PrintE-mail Written by Andrew Marshall

The creation of City of Lost Souls writer James McCulloch, The Grime is an assortment of short horror tales designed to make you squirm. Serial killers, cursed objects, eldritch powers, zombie survival and otherworldly forces all blight everyday people caught up in terrifying situations.

Some anthologies can be adversely affected by the hit and miss quality of their assembled stories, but those of The Grime are not only all well written and drawn but the differences between them allows them to complement each other. Some are hopelessly bleak while others are infused with a streak of grim humour, but each manages to induce a feeling of uneasiness in its own way, and despite some recurring themes, the diversity of the five tales avoids any kind of repetition and a couple of twist endings manage to pull you in and take you somewhere completely different from where you thought it was going. 

The varying art style of each tale matches the story it brings to life, be it standard comic stylings, explosions of disorientating darkness, or simple sketches with heavy shading, all as sinister as the accompanying tale. Additionally, several pieces of full-page pin up art are scattered throughout the comic, each as surreal and disturbing as the stories they punctuate.

Horror might be something of a maligned genre these days due to the impersonal brutality by which it has become increasingly characterised, but these stories hark back to when horror was designed to play on the darker sided of people’s emotions. No matter how depraved or surreal the tales might be, each possesses a fundamental human element that a draws you into its brief narrative, which at its core is exactly what horror should do. In a genre that so often mistakes spite for edginess and replaces subtlety with sadism, it’s encouraging to be reminded that there are still creatives out there who understand what it was always supposed to have been.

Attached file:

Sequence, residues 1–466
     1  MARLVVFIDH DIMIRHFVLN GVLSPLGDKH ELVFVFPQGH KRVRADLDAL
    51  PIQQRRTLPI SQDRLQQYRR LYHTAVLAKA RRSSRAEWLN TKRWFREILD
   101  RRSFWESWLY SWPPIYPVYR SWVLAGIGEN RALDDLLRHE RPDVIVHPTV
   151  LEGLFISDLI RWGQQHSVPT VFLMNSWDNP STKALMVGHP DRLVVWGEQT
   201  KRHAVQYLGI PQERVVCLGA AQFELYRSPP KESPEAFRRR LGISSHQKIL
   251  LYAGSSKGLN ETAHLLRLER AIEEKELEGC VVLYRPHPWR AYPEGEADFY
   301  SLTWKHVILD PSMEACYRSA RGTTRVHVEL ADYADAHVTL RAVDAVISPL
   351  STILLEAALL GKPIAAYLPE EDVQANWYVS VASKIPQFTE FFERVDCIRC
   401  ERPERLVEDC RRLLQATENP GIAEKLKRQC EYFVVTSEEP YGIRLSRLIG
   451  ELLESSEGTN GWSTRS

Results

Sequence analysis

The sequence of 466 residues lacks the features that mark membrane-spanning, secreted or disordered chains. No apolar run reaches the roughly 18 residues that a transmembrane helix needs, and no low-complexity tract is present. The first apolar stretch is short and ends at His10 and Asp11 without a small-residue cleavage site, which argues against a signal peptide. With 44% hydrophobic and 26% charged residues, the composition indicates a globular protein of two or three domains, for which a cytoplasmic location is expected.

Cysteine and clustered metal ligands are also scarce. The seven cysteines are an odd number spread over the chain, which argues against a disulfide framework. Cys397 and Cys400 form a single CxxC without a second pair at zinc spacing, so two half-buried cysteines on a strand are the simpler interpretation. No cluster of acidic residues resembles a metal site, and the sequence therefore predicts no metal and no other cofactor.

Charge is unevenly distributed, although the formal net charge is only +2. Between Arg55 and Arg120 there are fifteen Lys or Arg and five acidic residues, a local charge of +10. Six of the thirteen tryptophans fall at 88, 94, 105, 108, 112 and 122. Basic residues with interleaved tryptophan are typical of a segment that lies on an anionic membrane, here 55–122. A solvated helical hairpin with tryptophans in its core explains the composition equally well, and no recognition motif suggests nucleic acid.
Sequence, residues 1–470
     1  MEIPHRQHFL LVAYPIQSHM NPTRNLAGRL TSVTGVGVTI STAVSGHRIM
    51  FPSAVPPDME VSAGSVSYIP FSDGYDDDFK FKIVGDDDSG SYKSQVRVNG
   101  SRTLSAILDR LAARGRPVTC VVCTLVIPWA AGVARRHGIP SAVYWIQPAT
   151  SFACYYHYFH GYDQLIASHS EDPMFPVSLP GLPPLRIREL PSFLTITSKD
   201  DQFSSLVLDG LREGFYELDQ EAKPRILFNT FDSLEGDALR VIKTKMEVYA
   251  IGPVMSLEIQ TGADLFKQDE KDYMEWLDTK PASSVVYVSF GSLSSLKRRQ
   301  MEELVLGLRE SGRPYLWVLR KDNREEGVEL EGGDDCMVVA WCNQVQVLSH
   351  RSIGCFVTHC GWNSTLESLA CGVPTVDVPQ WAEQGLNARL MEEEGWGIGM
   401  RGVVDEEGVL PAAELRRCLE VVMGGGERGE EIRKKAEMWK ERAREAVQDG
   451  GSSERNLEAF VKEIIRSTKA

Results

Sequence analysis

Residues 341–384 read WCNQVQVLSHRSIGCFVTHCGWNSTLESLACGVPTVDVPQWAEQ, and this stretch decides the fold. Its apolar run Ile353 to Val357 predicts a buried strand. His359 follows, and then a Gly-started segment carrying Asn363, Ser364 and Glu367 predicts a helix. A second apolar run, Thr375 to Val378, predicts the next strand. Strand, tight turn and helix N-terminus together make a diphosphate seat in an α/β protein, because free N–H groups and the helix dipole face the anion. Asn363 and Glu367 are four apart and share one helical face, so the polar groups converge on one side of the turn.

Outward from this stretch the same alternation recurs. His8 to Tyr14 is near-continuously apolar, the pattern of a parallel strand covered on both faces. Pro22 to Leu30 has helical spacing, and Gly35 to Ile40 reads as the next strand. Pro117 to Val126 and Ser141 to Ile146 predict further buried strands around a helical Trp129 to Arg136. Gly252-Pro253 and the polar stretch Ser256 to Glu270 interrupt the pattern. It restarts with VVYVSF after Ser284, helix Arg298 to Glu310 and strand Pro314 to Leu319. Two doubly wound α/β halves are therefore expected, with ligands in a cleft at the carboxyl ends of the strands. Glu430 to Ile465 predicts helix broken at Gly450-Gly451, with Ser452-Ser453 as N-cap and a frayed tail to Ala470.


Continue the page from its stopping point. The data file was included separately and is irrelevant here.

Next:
This first issue of The Grime is more an experiment to see how readers react to it, but if the quality of the stories it publishes remains at this high standard then it should soon develop into a successful series. 


Suggested Articles:
Vessels takes place in the fantasy world of Cairnthala, where an entity known as the Eye-God is layi
As sure as night follows day, the release of a Hollywood adaptation of a comic book series will caus
Phillip Pullman is best known for the His Dark Materials series, a set of children’s fantasy novel
Boat takes place in a world where civilisation fell after some unspecified event resulted in water l
scroll back to top

Add comment

Security code

Sign up today!